Making the jump to become an MSSP

Person jumping through gap between two cliffs
(Image credit: Shutterstock)

While we all hope for a good year ahead, we can be sure that it’s not going to get any easier or safer for businesses and organisations as cyber threats continue to grow in sophistication and complexity. And as the going gets tougher and the shortage of cyber security skills gets more acute, more companies, particularly SMEs, are turning to their trusted IT solution providers for outsourced support to defend against cyber attacks. Ransomware is what keeps most CISOs awake at night but there is a whole host of old and new attack vectors to lose sleep over.

The Global Managed Security Services market size is projected to grow from USD 22.8 billion in 2021 to USD 43.7 billion by 2026, according to a report published by MarketsandMarkets. But if you’re a traditional cyber security reseller that wants to embrace the as-a-service opportunity, or if you’re an IT managed service provider (MSP) looking to add the extra S for security, what does it take and what are the things to avoid?

Prevent, detect, respond

First and foremost, it’s no good offering half the solution. Businesses are looking for a “one-stop-shop” and with a threat landscape that gets scarier by the day, you need a layered approach to managed services that include prevention, detection and response. And it’s not enough to be reactive, relying on signature-based anti-malware solutions, for example. Zero-day protection should not be negotiable. It’s key to certifying all running processes and preventing any program or even lines of code from executing without having been previously certified.

A complete managed security offering must also include protection for both networks and endpoints along with other services such as Multi-Factor Authentication (MFA) and DNS protection. MFA has traditionally been too costly to implement for SMEs but the cloud has changed that, making it possible to streamline delivery and simplify operations. Users can be added or removed and passwords changed with just a few clicks and without the need for time-consuming and costly site visits. A cloud-based management system can centralise a ton of previously arduous configuration, deployment, and management tasks through a single pane of glass, and help maintain a strong network performance and security posture at scale. And the more offerings you can adopt from a single source, while ensuring that customers get the services they need, the easier it is to keep your total vendor and hassle count down.

20/20 vision

As IT infrastructures grow in size and complexity, granular visibility into activity across them is crucial, to recognise patterns, threats, and security gaps, and to respond before damage occurs. Some SMEs don’t even know what resources are being consumed by whom, where they reside, and how they interact.

The problem is that many network platforms deliver large volumes of data, but with little clarity and ranking. If you’re managing multiple companies with multiple sites, it becomes essential to have a clear insight that provides actionable data to quickly and effectively identify, prioritise, investigate, resolve, and report multiple issues. From a remote network admin standpoint, actionable data is about tracking the top users, destinations, applications, domains, and includes things like the top blocked botnet sites, intrusion preventions, advanced malware attack attempts, and blocked malicious destinations.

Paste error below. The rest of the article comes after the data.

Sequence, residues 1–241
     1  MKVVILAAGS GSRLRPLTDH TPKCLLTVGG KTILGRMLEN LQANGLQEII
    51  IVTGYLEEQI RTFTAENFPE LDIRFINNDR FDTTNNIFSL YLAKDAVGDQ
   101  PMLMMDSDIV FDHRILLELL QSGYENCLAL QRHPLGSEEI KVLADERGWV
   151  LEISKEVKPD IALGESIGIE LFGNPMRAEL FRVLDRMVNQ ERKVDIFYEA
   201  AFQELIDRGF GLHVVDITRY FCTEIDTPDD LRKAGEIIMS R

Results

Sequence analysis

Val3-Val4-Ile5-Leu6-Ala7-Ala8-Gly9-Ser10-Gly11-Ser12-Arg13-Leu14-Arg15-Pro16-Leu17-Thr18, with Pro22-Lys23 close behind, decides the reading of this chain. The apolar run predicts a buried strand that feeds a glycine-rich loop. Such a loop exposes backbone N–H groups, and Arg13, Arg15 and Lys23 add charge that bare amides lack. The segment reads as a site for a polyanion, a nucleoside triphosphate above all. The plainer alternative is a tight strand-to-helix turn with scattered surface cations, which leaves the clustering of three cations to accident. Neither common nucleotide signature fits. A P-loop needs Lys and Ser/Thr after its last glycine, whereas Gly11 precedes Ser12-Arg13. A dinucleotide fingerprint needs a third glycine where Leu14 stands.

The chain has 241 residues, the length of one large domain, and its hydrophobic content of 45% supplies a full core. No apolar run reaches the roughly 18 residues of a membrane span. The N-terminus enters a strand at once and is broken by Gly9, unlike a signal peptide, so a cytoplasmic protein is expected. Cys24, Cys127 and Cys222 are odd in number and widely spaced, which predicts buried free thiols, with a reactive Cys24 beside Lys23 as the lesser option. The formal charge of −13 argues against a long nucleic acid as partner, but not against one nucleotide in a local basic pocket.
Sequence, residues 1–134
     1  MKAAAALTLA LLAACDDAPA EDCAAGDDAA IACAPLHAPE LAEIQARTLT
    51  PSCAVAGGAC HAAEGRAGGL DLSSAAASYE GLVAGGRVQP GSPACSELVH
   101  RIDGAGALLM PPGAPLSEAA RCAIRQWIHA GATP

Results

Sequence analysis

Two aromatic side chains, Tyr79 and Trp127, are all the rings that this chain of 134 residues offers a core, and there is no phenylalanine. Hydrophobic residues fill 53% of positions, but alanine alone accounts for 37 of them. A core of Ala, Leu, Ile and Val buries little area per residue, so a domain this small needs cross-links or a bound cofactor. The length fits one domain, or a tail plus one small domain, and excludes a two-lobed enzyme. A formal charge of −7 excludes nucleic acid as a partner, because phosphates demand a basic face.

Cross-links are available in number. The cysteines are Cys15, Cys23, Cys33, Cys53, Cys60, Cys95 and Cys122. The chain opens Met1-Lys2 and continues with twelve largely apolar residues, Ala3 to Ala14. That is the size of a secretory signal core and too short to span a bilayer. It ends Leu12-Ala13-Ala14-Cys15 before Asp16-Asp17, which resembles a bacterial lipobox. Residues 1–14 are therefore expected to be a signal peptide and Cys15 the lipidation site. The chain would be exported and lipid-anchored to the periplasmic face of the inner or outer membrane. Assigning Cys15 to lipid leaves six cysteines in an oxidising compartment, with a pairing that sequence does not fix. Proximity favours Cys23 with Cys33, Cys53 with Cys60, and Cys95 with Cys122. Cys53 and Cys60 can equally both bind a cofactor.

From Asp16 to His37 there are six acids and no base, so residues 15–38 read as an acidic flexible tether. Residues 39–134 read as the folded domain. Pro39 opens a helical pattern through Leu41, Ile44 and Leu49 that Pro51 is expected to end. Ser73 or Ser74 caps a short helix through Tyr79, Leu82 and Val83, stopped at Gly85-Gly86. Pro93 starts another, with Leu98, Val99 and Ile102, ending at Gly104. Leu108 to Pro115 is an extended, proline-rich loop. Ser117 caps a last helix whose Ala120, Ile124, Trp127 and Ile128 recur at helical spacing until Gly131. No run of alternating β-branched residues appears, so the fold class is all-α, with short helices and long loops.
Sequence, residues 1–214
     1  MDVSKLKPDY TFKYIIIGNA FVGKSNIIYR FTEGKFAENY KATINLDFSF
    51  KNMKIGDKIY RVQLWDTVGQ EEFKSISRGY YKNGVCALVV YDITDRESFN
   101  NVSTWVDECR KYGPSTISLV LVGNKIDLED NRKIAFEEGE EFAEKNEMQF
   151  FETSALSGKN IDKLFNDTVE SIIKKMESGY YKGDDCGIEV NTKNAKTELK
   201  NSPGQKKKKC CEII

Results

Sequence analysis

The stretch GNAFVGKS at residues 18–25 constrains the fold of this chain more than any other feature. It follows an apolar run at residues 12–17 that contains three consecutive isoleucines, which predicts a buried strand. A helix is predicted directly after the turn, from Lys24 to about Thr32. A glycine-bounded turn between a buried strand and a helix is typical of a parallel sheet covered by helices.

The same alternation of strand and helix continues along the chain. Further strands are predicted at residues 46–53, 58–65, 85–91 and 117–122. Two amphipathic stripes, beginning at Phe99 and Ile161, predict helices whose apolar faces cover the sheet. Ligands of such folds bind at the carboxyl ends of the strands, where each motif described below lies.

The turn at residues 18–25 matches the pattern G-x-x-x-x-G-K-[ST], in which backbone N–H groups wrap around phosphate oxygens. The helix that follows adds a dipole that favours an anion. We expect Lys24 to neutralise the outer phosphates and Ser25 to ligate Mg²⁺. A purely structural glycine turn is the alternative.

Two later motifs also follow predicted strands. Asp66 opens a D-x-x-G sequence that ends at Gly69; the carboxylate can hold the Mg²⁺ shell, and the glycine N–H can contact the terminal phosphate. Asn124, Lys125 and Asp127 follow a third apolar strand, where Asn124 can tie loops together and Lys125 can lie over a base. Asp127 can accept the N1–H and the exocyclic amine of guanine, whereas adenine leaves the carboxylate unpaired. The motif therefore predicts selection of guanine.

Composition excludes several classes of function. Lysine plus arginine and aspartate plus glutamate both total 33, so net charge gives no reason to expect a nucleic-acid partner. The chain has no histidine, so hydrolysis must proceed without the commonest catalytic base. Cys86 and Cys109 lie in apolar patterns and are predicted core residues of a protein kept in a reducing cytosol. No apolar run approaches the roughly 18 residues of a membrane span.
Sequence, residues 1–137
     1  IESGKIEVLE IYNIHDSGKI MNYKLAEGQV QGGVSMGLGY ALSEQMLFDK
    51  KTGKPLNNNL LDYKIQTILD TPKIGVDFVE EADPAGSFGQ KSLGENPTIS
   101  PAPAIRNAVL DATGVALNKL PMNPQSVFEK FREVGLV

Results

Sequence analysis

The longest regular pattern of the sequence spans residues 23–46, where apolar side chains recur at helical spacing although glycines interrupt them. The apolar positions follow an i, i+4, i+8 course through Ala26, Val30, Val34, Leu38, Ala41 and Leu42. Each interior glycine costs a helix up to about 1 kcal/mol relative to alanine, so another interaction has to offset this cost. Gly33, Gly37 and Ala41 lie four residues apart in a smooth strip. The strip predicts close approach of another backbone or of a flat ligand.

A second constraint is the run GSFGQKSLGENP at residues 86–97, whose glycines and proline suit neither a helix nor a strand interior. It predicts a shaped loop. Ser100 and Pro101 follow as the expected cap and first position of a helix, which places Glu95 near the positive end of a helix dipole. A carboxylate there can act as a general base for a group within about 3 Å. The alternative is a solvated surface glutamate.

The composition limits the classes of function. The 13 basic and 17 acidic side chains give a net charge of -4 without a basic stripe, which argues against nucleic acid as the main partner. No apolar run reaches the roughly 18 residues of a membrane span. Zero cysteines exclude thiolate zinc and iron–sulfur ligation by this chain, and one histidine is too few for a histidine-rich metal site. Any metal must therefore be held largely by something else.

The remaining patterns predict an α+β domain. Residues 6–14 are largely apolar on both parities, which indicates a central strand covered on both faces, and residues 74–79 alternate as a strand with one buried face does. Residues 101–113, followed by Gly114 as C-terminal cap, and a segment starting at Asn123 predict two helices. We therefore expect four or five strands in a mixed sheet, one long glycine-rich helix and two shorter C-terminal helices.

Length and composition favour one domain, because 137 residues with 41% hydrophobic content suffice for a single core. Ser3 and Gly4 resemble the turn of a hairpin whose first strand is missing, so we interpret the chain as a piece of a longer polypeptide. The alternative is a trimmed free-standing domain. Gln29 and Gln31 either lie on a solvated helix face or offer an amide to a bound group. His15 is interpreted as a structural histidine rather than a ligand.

With this level of granularity, you can see what’s going on in your customers’ networks and endpoints in real-time, from anywhere. Making sense of all this and actioning the appropriate response requires the MSP to have skilled security professionals. However, advances around AI and machine learning algorithms are increasing threat detection automation, classification of running processes, and prioritisation of alerts.

Flexible pricing and billing

For traditional resellers, the idea of recurring revenues is one of the great attractions as well as one of the biggest barriers to becoming an MSSP. Consumption-based billing is a major shift from customer billing models but should be a win-win for MSSPs and their customers. The best way to avoid complexity is for vendors to offer flexible pricing models, which could include fixed-term contracts paid upfront or monthly, pay-as-you-go setups, or pre-pay points, all with the ability to scale up and down instantly to meet changing requirements.

Another aspect to think about is the human touch. Humans are still the weakest link with most breaches starting with a simple click on a malicious link or document. This means that education remains a critical component of an effectively managed security programme. Without an understanding of how attacks happen and a commitment to behaviours and processes that reduce their likelihood, businesses are left exposed.

Managing IT security can feel like a mountain to climb – that just keeps getting higher. And now, as employees slowly head back to the office, cloud deployment using automation can eliminate many of the on-site headaches involved in setting up and managing customer sites. Having been through the era of Unified Threat Management (UTM) solutions, we’re seeing the emergence of a new Unified Security Platform, that lives in the cloud and gives centralised access to end-to-end security services from the network to the endpoint. It’s these new USPs that will enable and empower a new generation of MSSPs.

Jonathan Whitley is vice president for Northern Europe at WatchGuard Technologies